From ABC News 4 (S.C)
By Sam Tyson
A Muslim student admitted to the Class of 2020 Corps of Cadets at The Citadel will not be allowed to wear a religious headscarf with the military college's standard uniform.
In a statement released by Citadel President Lt. Gen. John Rosa, the decision to reject the request came from an "essential" need to standardize the appearance of the cadets regardless of their religious requirements.
"This process reflects an initial relinquishing of self during which cadets learn the value of teamwork to function as a single unit. Upon graduation, The Citadel's graduates are prepared to enter a life committed to principled leadership in military service and civilian careers," Rosa said in the statement.
Rosa says while the request was rejected, religious beliefs are respected at The Citadel and freshman cadets meet with a number of faith-based organizations from the community. The school also offers rides to and from places of worship and accommodates dietary and prayer requirements.
"The diversity of religions and cultural backgrounds represented in the Corps enriches the overall cadet experience and better prepares graduates to become principled leaders in all walks of life, underpinned by The Citadel's core values of honor, duty and respect," Rosa said.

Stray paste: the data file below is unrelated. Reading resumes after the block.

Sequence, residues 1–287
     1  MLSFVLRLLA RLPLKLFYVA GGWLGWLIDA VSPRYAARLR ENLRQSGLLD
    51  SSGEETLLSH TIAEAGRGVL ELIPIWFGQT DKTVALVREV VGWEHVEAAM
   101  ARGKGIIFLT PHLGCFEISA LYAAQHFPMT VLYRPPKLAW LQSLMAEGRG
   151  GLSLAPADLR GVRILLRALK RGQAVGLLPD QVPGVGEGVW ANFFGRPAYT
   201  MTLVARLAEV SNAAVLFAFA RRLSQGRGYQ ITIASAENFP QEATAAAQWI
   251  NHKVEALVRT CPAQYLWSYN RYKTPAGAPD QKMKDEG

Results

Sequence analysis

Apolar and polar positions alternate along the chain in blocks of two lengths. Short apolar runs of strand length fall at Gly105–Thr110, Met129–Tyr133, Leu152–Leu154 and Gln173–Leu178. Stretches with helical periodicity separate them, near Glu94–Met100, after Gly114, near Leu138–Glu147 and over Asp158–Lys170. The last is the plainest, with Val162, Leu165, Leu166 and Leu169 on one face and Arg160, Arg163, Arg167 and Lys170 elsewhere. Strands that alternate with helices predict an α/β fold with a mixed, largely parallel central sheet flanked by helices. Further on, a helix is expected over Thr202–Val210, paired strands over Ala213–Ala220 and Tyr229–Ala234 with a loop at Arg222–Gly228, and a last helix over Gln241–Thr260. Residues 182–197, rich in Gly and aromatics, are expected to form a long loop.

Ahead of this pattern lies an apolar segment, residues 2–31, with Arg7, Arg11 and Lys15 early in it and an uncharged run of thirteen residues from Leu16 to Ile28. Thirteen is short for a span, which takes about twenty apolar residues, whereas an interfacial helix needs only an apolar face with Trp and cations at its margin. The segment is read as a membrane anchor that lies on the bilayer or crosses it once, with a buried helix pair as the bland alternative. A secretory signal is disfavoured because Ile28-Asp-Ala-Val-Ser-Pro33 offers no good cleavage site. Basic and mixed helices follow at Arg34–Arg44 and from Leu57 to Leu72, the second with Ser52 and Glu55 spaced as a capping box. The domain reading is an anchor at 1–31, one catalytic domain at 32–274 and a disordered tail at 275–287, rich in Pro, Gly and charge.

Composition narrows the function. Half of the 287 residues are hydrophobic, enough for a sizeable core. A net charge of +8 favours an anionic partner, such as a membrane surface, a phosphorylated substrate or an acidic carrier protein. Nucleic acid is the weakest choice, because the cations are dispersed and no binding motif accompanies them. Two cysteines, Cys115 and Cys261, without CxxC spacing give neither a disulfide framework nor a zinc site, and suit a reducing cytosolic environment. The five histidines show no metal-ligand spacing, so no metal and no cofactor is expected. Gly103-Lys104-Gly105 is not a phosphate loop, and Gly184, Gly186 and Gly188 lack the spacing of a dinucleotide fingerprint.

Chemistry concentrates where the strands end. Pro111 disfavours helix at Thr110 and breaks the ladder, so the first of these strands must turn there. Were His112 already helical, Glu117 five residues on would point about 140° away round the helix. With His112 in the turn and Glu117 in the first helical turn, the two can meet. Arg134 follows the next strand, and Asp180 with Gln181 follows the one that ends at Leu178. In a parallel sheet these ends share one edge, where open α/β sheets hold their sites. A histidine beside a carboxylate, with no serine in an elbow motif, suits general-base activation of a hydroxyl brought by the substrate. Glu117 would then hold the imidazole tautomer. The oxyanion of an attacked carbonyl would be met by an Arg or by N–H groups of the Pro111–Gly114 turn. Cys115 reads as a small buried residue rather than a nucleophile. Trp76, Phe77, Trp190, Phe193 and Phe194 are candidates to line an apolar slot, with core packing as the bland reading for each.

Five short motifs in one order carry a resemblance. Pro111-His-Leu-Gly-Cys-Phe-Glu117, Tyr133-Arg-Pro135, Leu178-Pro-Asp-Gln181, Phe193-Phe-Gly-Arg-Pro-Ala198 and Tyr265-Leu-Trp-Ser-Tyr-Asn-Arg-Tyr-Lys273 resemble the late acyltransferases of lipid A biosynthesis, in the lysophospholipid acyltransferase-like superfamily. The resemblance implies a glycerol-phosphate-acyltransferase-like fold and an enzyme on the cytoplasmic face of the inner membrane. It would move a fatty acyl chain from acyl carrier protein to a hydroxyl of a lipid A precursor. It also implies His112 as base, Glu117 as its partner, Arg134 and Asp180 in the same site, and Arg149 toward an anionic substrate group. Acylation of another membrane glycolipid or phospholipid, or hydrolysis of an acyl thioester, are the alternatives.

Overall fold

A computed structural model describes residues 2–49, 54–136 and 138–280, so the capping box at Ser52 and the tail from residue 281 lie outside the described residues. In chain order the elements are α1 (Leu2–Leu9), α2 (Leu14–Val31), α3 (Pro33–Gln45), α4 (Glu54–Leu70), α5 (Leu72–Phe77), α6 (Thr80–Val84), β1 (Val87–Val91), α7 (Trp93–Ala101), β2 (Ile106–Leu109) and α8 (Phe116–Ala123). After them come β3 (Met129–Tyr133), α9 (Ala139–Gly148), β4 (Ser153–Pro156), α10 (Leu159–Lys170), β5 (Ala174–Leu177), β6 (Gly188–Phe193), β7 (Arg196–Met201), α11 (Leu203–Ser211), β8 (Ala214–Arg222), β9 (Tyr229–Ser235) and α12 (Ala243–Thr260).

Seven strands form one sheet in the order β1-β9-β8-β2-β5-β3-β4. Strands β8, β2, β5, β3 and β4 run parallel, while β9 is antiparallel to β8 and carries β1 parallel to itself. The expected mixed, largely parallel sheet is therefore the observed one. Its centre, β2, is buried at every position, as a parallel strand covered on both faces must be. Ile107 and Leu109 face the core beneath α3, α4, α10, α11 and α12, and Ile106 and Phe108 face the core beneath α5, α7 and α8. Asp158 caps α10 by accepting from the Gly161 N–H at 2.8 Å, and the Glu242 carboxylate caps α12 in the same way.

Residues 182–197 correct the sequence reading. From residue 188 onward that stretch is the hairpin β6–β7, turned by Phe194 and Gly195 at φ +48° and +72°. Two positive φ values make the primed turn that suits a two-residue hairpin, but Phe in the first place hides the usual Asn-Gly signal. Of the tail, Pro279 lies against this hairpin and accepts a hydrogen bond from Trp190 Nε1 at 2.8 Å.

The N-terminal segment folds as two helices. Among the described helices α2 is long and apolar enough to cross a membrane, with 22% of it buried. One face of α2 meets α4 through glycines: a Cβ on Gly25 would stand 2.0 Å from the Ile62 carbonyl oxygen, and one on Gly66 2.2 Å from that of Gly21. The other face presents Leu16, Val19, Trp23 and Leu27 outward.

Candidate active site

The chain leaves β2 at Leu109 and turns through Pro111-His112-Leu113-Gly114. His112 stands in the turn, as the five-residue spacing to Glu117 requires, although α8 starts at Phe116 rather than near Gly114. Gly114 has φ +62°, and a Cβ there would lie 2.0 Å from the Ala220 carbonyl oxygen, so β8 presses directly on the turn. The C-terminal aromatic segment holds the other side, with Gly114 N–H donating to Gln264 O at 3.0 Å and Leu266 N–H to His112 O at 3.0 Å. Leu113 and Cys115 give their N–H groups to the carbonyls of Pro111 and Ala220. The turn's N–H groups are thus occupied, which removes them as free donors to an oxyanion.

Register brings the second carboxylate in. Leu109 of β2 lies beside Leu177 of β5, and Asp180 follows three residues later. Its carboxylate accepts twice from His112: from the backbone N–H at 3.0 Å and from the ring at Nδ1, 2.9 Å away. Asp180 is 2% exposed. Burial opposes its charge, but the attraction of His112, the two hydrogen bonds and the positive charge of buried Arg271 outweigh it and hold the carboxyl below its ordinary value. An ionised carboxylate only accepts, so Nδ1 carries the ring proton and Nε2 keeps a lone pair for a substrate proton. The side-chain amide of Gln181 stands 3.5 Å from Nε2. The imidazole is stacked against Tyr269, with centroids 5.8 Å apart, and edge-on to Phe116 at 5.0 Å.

The incoming freshman cadet's request was made known by another cadet, Nick Pinelli, who posted on Facebook his thoughts on the request and The Citadel's decision to consider it.
"The system is what's important. It's not about her or her religion. I have to put my cross under my shirt but I also have to put my dog tags under my shirt. It's not the cross they care about," he said.
Citadel cadets are required to wear uniforms nearly all of the time. The school has a 35-page booklet of rules and regulations addressing military courtesies and uniforms. There is no mention of religious accommodation for uniforms in either the Blue or White books, the two cadet manuals for the military college. Chapter 7 of the White Book addresses uniform regulations.
There is, however, a memo regarding religious accommodation that was sent out in 2010 and gives an example of cadets of the LDS faith asking to attend Saturday services.
According to page 46 of the U.S. Army Regulation AR 600-20, religious headgear may be worn while in the Army uniform if the headgear is subdued in color, can be completely covered by standard military headgear, and does not interfere with the wear or proper functioning of protective clothing or equipment. The other service branches have similar policies, based on Dept. of Defense Directive 1300.17, Accommodation of Religious Practices within the Military Services.
The school, with its strict discipline and rich tradition, was embroiled in controversy during the 1990s as it fought and later relented the admittance of its first woman cadet, Shannon Faulkner. Earlier this year, 14 cadets were dismissed, suspended or served on-campus punishments after several of them appeared in photos with pillowcases on their heads similar to Ku Klux Klan garb.